Event Name Neutron and X-ray Studies of Advanced Materials VII: Challenges of the Future World — Complex Materials
Start Date 16th Feb 2014
End Date 20th Feb 2014
Duration 5 days


Neutron and X-Ray Studies of Advanced Materials –VII- Challenges of the Future World Proposed and Approved by Mechanical Behavior Committee and
To be held at the 2014 TMS Annual Meeting, San Diego, CA USA

MANUSCRIPT DEADLINE: February 31, 2014

OBJECTIVE: Provide fundamental and advanced understanding of advanced materials using neutron and X-ray diffraction techniques

Sponsored by: TMS Mechanical Behavior Committee, Oak Ridge National Laboratory, and Air Force Research Laboratory

In 2012/13 the diffraction community celebrated 100 years since the prediction of X-ray diffraction by M. Laue, and following his suggestion the first beautiful diffraction experiment by W. Friedrich and P. Knipping. To acknowledge the importance of the diffraction discovery, the United Nations (UN) declared 2014 the international year of crystallography. The significance of techniques based on the analysis of the diffraction of X-rays, neutrons, electrons and Mossbauer photons discovered later, has continued to increase in the past 100 years.
The aim of this symposium is to provide a forum for discussion of using state-of-the-art neutron and X-ray scattering techniques for probing advanced materials. These techniques have been widely used to characterize materials structures across all length scales, from atomic to nano, meso, and macroscopic scales. With the development of sample environments, in-situ experiments, e.g., at temperatures and applied mechanical load, are becoming routine.
The development of ultra-brilliant third-generation synchrotron X-ray sources, together with advances in X-ray optics, has created intense X-ray microbeams, which provide the best opportunities for in-depth understanding of mechanical behavior in a broad spectrum of materials. Important applications include ultra-sensitive elemental detection by X-ray fluorescence/absorption and microdiffraction to identify phase and strain with submicrometer spatial resolution. X-ray microdiffraction is a particularly exciting application compared with alternative probes of crystalline structure, orientation and strain. X-ray microdiffraction is non-destructive with good strain resolution, competitive or superior spatial resolution in thick samples, and with the ability to probe below the sample surface. Advances in neutron sources and instrumentation also bring new opportunities in neutron scattering research.    In addition to characterizing the structures, neutrons are also a great tool for elucidating the dynamics of materials. Because neutrons are highly penetrating, neutrons have been used to map stress in engineering systems. Neutrons have also played a vital role in our understanding of the magnetism and magnetic properties. Specialized instruments have been built to gain physical insights of the fundamental mechanisms governing phase transformation and mechanical behaviors of materials.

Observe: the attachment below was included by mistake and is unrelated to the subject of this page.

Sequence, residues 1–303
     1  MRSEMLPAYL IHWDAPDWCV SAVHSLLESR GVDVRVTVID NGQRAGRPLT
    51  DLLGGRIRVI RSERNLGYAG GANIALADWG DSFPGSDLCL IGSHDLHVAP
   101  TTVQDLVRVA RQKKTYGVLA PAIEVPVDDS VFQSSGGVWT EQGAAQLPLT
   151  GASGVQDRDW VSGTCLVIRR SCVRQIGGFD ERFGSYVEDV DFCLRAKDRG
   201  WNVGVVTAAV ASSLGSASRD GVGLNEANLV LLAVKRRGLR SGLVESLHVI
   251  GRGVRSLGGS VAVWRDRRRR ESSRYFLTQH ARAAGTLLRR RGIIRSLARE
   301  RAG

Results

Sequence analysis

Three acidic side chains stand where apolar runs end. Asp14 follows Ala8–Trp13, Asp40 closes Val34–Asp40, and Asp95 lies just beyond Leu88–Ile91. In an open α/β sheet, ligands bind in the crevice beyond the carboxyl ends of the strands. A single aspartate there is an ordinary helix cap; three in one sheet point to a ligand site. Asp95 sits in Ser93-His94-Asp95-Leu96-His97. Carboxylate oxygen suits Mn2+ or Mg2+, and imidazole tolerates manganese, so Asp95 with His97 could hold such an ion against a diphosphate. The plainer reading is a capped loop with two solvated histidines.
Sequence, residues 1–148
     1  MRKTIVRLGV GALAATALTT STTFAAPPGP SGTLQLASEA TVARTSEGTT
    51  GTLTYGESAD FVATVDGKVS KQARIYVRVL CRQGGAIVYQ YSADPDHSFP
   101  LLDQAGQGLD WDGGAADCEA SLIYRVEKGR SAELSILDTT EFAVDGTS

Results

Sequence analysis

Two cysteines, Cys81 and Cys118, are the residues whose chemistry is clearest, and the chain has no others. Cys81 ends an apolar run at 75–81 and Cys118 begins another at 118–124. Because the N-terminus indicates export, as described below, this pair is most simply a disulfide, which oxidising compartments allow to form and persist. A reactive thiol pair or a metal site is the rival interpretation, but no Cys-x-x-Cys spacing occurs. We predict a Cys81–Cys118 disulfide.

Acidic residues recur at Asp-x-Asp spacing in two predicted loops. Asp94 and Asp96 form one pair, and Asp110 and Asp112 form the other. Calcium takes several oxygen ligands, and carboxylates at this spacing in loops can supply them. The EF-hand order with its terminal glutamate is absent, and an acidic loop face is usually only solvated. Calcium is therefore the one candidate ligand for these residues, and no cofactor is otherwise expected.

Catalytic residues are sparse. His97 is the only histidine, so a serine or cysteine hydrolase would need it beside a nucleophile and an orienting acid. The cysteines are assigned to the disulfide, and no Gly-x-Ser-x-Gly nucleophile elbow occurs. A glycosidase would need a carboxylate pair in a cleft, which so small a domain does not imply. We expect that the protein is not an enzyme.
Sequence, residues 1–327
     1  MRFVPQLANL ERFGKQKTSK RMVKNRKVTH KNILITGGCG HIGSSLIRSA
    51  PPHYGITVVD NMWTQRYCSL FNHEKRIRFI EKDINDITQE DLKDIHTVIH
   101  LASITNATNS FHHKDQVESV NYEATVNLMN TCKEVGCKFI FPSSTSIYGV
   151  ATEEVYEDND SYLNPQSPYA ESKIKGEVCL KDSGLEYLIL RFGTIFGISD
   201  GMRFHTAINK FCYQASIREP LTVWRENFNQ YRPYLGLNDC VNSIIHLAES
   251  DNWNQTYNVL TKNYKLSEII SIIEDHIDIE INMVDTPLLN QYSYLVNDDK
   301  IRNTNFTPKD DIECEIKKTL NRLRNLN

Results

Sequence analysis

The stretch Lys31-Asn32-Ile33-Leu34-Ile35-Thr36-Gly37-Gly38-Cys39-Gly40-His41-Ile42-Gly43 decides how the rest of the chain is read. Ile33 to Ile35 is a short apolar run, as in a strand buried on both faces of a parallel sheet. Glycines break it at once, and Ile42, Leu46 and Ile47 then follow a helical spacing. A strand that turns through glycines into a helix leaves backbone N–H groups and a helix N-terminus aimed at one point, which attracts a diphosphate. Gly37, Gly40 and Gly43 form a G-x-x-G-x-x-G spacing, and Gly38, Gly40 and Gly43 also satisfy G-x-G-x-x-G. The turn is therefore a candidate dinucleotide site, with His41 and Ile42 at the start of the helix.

The application of those techniques, in combination with theoretical simulations and numerical modeling, will lead to major breakthroughs in materials science in the foreseeable future that will contribute to the development of materials technology and industrial innovation.

Some of the areas (but not limited to) to be explored:
1. Crystallography and Diffraction Centennial
2. Deformation and fracture
3. Texture and recrystallization
4. Analyses of complex, nano-crystalline and disordered materials
5. Spatially resolved measurements at different length scales and 3-dimensional methods
6. Time-resolved measurements of materials processing
7. Characterization of surfaces, interfaces and thin films
8. Theoretical modeling and simulations
9. Phase transition, evolution and critical scattering
10. Diffuse scattering studies of fundamental materials properties
11. Mechanical property characterization, with an emphasis on measurements at the nano- and micro-scale
12. Industrial applications
13. New experimental and analysis methods

Abstracts are due by July 1, 2013 to http://cmsplus.tms.org. The full length papers are planned to be published in Metallurgical and Materials Transactions A.
Dr. R.I. Barabash, Oak Ridge National Laboratory; Materials Science & Technology Div., Bldg. 4500S MS-6118 Oak Ridge, TN 37831-6118, USA Tel: (865) 241-7230 Fax: (865) 5747659 E-mail: barabashr@ornl.gov
Prof. G. Kostorz Professor Emeritus of Physics ETH Zurich CH-8093 Zurich, Switzerland kostorz@emeritus.ethz.ch
Prof. Brent Fultz Materials Science and Applied Physics California Institute of Technology Pasadena, California 91125
Tel: (626) 395 2170 Fax: (626) 795 6132 e-mail: btf@caltech.edu
Prof. P. K. Liaw The University of Tennessee Materials Science & Engineering Knoxville, TN 37996-2200 Tel: (865) 974-4858 Fax: (865) 974-4115 E-mail: pliaw@utk.edu



Location San Diego
Contact Brian Toby
URL http://www.tms.org/meetings/annual-14/AM14home.aspx
Category symposia